I am trying to solve a differential equation: $$\frac{d f}{d\theta} = \frac{1}{c}(\text{max}(\sin\theta, 0) - f^4)~,$$ subject to periodic boundary condition, whic would imply $f(0)=f(2\pi)$ and $f'(0)= f'(2\pi)$. To solve this numerically, I have set up an equation: $$f_i = f_{i-1}+\frac{1}{c}(\theta_i-\theta_{i-1})\left(\max(\sin\theta_i,0)-f_{i-1}^4\right)~.$$ Now, I want to solve this for specific grids. Suppose, I set up my grid points in $\theta = (0, 2\pi)$ to be $n$ equally spaced floats. Then I have small python program which would calculate $f$ for each grid points in $\theta$. Here is the program:

import numpy as np
import matplotlib.pyplot as plt
m = 500
a = np.linspace(0.01, 2*np.pi, n)
b = np.linspace(0.01, 2*np.pi, m)
arr = np.sin(a)
arr1 = np.sin(b)
index = np.where(arr<0)
index1 = np.where(arr1<0)
arr[index] = 0
arr1[index1] = 0
epsilon = 0.03
final_arr_l = np.ones(arr1.size)
final_arr_n = np.ones(arr.size)
for j in range(1,100*arr.size):
    i = j%arr.size
    step = final_arr_n[i-1]+ 1./epsilon*2*np.pi/n*(arr[i] - final_arr_n[i-1]**4)
    if (step>=0):
        final_arr_n[i] = step
        final_arr_n[i] = 0.2*final_arr_n[i-1]
for j in range(1,100*arr1.size):
    i = j%arr1.size
    final_arr_l[i] = final_arr_l[i-1]+1./epsilon*2*np.pi/m*(arr1[i] - final_arr_l[i-1]**4)

plt.plot(b, final_arr_l)
plt.plot(a, final_arr_n)
plt.grid(); plt.show()

My major problem is for small $c$, in the above case when $c=0.03$, the numerical equation does not converge to a reasonable value (it is highly oscillatory) if I choose $N$ to be not so large. The main reason for that is since $\frac{1}{c}*(\theta_i-\theta_{i-1})>1$, $f$ tends to be driven to negative infinity when $N$ is not so large, i.e. $\theta_i-\theta_{i-1}$ is not so small. Here is an example with $c=0.03$ showing the behaviour when $N=100$ versus $N=500$. In my code, I have applied some adhoc criteria for small $N$ to avoid divergences:

step = final_arr_n[i-1]+ 1./epsilon*2*np.pi/n*(max(np.sin(a[i]), 0) - final_arr_n[i-1]**4)
if (step>=0):
    final_arr_n[i] = step
    final_arr_n[i] = 0.2*final_arr_n[i-1]

what I would like to know: is there any good mathematical trick to solve this numerical equation with not so large $N$ and still make it converge for small $c$?

enter image description here

  • 1
    $\begingroup$ Should probably move this to the computational science site, scicomp.stackexchange.com because some angry pure mathematician will close it. $\endgroup$ – Shogun Apr 22 at 3:05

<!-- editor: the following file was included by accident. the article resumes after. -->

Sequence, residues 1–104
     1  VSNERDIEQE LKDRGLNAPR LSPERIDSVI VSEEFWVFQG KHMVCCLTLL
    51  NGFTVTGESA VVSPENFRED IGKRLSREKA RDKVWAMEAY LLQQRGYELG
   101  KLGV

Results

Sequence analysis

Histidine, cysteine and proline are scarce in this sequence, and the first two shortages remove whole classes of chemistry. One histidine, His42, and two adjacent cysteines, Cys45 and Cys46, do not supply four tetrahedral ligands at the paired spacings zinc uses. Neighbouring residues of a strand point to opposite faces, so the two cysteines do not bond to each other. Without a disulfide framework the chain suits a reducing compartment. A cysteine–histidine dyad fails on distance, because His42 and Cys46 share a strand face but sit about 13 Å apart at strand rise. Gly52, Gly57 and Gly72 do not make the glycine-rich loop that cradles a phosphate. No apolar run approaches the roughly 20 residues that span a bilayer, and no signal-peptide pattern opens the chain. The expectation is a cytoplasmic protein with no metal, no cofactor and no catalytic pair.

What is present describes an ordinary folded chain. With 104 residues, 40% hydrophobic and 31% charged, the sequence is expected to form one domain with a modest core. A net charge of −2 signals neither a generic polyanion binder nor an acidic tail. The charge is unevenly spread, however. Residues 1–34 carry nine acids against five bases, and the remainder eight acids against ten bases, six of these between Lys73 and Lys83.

• $\begingroup$ Why is there a subtraction in $f_i = f_{i-1}-c(\theta_i-\theta_{i-1})\left(\max(\sin\theta_i,0)-f_{i-1}^4\right)$? I would have instead expected $f_i = f_{i-1} + c(\theta_i-\theta_{i-1})\left(\max(\sin\theta_i,0)-f_{i-1}^4\right)$. Am I missing something or is it just a typo? $\endgroup$ – Spencer Apr 22 at 3:37
  • 1
    $\begingroup$ @Spencer You are totally right. There were two typos, first it must have been $f_i=f_{i-1}+c(\theta_i-\theta{i-1})...$, and next, the equation should have $1/c$ instead of $c$ (that is what I use in my code). So, for small $c$, the factor $1/c * (\theta_j-\theta_{j-1})$ could be larger than 1. $\endgroup$ – konstant Apr 22 at 3:58
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    $\begingroup$ The most basic improvement you can make is to use a more stable method. You are applying the Euler method which is not very stable. Maybe try using the RK4 method or Adams-Bashforth and see what improvements you get. You will still need $N$ to be large, but maybe not so large. en.wikipedia.org/wiki/Runge%E2%80%93Kutta_methods mathfaculty.fullerton.edu/mathews/n2003/AdamsBashforthMod.html $\endgroup$ – Spencer Apr 22 at 4:11
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    $\begingroup$ See also math.stackexchange.com/q/3185707/115115 for the same problem with an unspecific question for numerical methods in general. $\endgroup$ – LutzL Apr 22 at 7:32

How to solve this (perhaps a little more complicated than necessary) with the tools of python scipy.integrate I demonstrated in How to numerically set up to solve this differential equation?